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Seasonal variations in the flesh weights and biochemical content of the scallop Pecten maximus L. in the Clyde Sea area
Comely, C.A. (1974). Seasonal variations in the flesh weights and biochemical content of the scallop Pecten maximus L. in the Clyde Sea area. J. Cons. - Cons. Int. Explor. Mer 35(3): 281-295
In: Journal du Conseil. Conseil International pour l'Exploration de la Mer: Copenhague. ISSN 0020-6466, more

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    Gametes; Gonads; Maturation; Seasonal variations; Sexual maturity; Spawning; Pecten maximus (Linnaeus, 1758) [WoRMS]; ANE, British Isles, Scotland, Strathclyde, Clyde S [Marine Regions]; Marine

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  • Comely, C.A.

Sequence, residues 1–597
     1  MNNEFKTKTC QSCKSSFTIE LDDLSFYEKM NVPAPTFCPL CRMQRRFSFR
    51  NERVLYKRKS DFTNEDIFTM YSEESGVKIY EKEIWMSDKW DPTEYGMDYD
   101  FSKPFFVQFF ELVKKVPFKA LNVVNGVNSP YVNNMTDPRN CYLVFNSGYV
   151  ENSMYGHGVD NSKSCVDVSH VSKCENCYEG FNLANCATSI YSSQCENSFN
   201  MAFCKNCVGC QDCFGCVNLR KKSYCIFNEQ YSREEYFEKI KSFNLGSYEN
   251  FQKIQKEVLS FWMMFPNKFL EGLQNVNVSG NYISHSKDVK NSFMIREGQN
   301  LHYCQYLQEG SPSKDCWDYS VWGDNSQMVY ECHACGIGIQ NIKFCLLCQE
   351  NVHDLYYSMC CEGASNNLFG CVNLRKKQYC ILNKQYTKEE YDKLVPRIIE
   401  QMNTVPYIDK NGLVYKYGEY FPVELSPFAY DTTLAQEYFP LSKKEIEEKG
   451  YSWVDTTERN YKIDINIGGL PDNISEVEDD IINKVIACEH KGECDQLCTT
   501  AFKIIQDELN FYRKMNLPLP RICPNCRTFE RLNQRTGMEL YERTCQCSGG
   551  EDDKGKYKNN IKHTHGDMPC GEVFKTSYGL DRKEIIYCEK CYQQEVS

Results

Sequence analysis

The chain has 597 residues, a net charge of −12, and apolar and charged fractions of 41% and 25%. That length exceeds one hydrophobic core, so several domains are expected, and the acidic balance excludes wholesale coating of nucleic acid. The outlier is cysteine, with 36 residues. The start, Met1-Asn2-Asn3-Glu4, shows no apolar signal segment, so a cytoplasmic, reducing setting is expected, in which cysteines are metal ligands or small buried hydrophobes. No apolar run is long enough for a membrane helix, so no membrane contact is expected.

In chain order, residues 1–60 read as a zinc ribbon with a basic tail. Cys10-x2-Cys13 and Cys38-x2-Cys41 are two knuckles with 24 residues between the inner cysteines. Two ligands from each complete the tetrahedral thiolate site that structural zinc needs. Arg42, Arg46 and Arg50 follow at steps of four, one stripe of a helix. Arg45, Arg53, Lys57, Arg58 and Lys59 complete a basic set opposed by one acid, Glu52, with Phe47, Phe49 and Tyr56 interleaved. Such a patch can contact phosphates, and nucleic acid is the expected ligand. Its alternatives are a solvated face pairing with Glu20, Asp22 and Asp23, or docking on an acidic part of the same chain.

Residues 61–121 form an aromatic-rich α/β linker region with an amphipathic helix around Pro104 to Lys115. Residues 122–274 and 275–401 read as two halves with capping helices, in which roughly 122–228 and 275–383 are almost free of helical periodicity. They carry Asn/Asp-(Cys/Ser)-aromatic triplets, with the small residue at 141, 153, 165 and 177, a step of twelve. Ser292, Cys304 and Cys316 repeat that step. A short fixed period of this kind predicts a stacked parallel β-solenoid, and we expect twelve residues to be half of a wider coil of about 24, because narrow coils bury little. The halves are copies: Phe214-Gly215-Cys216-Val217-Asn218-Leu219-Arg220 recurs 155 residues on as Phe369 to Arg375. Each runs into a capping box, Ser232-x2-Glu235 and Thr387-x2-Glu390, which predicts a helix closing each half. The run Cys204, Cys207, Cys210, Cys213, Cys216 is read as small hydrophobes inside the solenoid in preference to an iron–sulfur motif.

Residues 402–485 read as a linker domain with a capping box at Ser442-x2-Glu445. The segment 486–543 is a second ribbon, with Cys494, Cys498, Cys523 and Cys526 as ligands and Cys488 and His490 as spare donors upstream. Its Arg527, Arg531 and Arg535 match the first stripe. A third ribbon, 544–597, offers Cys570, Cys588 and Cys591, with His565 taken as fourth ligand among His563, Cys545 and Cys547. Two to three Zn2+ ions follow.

Monthly samples of Pecten maximus (L.) were obtained from a number of localities in the Clyde Sea Area from May 1966 to March 1968. Statistical analysis of various growth parameters confirm that there are significant differences between populations, and consequently the shell cavity volume has been the parameter used against which other measurements have been compared. The method of volume determination is described. The wet and dry weights of adductor muscle, gonad, and remaining tissue were estimated each month for a ‘standard scallop’ of 75 ml, and the weight of carbohydrate and protein (determined from freeze dried sub-samples), calculated for the dried flesh. The large adductor muscle doubled its weight between March and November, and this was directly related to the increase in the weight of carbohydrate by a factor of 20, and protein by a factor of 1·5. These reserves were depleted during the winter and spring, commensurate with the loss of flesh weights. The digestive gland showed similar weight fluctuations, probably related to the lipid content. Calculation of the calorific value of the reserves indicate that this is only half the equivalent reserve in the large adductor muscle. The gonad showed seasonal variations associated with the sexual cycle, but the biochemical variation was slight. In the main population examined the gonad increased in size during the winter and early spring, whilst other tissue weights and their reserves were falling. Spawning occurred during the early summer, and there was little or no recovery until the following winter.It is suggested that during the winter the carbohydrate reserves form the basic metabolic substrate for the scallop, whilst the nitrogen reserves in the muscle and digestive gland are utilized to produce the gonad. There is some evidence to suggest that following spawning, gametogenesis and release of gametes may occur continuously, without the development of a large gonad until the winter, when the maturation of the gametes ceases. Scallops transplanted from a population in a relatively unfavourable environment to an area with no indigenous population snowed variations in their growth parameters, and a 50% increase in the weight of flesh compared to the parent population. The range of variation of reserve materials was comparable.

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